Thermodynamics is a branch of physics concerned with heat and temperature and their relation to energy and work. It defines macroscopic variables, such as internal energy, entropy, and pressure, that partly describe a body of matter or radiation. It states that the behavior of those variables is subject to general constraints, that are common to all materials, not the peculiar properties of particular materials. These general constraints are expressed in the four laws of thermodynamics. Thermodynamics describes the bulk behavior of the body, not the microscopic behaviors of the very large numbers of its microscopic constituents, such as molecules. The basic results of thermodynamics rely on the existence of idealized states of thermodynamic equilibrium. Its laws are explained by statistical mechanics, in terms of the microscopic constituents.

Thermodynamics applies to a wide variety of topics in science and engineering, especially physical chemistry, chemical engineering and mechanical engineering.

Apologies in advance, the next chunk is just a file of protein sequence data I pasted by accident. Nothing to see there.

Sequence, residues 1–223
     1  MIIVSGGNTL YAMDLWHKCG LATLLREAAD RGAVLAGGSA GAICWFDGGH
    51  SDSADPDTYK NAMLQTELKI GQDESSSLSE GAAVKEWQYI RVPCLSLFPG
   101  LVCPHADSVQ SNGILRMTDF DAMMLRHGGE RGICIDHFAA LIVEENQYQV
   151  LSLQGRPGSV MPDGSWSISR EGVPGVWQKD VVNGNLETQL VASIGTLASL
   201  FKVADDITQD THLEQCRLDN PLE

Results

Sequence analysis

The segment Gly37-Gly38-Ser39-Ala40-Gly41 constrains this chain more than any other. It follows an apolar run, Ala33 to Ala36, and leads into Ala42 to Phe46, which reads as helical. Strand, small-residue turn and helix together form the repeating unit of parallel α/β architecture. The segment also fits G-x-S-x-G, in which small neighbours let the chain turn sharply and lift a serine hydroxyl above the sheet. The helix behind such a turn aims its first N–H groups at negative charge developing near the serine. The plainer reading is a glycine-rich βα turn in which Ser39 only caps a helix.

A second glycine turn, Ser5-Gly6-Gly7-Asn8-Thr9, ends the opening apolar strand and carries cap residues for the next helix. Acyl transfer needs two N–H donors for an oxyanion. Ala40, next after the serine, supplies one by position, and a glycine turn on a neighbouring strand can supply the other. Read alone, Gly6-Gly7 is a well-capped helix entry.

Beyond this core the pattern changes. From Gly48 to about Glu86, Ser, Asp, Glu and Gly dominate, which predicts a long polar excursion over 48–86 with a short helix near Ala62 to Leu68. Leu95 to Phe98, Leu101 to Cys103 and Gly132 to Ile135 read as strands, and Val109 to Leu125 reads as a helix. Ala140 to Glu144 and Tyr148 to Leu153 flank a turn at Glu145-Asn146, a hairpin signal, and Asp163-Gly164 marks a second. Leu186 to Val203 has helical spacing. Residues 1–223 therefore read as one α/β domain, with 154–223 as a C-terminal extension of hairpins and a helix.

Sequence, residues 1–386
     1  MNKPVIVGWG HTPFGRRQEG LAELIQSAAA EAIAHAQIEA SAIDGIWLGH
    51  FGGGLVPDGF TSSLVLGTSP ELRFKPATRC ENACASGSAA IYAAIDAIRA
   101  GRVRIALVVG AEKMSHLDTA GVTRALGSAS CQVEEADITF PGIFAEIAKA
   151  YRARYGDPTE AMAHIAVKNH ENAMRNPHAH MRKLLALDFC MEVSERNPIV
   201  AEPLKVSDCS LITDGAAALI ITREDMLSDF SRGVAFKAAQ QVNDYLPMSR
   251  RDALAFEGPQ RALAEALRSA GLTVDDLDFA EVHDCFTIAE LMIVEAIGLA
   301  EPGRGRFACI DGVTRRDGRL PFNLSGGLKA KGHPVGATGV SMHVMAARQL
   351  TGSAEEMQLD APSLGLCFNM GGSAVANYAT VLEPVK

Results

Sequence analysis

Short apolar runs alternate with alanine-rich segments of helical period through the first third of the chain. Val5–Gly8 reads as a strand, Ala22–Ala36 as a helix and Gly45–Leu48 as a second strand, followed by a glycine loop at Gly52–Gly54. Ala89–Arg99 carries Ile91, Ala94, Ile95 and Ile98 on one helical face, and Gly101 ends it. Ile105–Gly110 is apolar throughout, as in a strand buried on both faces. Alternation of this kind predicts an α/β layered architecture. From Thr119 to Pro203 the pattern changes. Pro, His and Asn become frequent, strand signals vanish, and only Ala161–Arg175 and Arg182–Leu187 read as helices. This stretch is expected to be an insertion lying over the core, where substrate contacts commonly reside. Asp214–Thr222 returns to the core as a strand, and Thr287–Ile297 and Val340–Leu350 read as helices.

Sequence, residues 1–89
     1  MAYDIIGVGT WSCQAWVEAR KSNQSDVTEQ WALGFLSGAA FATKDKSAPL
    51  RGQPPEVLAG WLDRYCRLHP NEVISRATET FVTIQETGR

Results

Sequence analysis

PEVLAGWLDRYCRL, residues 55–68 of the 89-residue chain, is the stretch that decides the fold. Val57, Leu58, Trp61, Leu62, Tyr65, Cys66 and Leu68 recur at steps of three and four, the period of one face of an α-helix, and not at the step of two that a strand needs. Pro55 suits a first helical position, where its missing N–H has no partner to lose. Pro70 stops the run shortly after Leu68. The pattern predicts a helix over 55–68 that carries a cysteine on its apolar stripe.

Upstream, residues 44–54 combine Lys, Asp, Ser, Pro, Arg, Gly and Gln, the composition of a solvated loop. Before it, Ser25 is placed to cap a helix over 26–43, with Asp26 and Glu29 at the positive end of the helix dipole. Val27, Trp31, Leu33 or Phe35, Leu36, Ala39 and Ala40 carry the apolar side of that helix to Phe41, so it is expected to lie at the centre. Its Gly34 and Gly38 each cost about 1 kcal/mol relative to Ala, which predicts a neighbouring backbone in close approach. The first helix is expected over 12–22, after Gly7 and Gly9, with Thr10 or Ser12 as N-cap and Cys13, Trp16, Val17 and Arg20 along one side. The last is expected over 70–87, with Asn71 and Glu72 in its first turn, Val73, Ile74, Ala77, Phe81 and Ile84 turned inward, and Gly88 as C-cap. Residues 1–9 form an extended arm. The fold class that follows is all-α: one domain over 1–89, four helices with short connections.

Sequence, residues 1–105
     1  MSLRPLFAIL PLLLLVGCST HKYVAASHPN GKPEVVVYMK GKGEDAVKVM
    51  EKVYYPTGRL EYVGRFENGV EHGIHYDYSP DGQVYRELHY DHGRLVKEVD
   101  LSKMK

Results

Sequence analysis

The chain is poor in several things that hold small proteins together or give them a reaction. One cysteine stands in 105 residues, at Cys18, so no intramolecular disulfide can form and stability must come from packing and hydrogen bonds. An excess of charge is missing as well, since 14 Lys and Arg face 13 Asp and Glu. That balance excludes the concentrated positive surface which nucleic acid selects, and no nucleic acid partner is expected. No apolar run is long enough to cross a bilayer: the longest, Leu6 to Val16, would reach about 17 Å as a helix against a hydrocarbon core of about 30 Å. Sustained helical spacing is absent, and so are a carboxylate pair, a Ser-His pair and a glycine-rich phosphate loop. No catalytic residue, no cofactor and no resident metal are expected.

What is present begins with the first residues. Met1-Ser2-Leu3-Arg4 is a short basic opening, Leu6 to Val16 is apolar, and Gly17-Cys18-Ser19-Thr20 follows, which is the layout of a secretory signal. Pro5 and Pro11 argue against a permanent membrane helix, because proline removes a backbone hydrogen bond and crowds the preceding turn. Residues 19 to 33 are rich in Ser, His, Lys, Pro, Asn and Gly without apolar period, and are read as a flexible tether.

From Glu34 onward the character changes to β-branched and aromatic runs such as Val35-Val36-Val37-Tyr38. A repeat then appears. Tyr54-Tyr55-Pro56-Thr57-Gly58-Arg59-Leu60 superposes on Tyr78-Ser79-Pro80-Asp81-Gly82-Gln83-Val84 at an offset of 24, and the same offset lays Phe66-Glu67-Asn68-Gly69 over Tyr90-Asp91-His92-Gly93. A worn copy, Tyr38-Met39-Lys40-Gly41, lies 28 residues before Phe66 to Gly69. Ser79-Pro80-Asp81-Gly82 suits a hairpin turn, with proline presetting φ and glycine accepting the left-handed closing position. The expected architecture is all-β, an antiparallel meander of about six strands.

Topical Notes, Topical Notes, Problems, Presentations, Quiz, Test, Investigations and Videos              
Kinetic Theory of gases 
Ideal Gases
Temperature and the Zeroth Law of Thermodynamics                
First Law of Thermodynamics 
Thermodynamic Process and PV diagrams
Reversible and Irreversible Processes
Heat Engines
Heat Pumps and Refrigerators
Carnot Cycle
Second Law of Thermodynamics
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Historically, the distinction between heat and temperature was studied in the 1750 s by Joseph Black. Characteristically thermodynamic thinking began in the work of Carnot (1824) who believed that the efficiency of heat engines was the key that could help France win the Napoleonic Wars. The Irish-born British physicist Lord Kelvin was the first to formulate a concise definition of thermodynamics in 1854:

“Thermo-dynamics is the subject of the relation of heat to forces acting between contiguous parts of bodies, and the relation of heat to electrical agency.”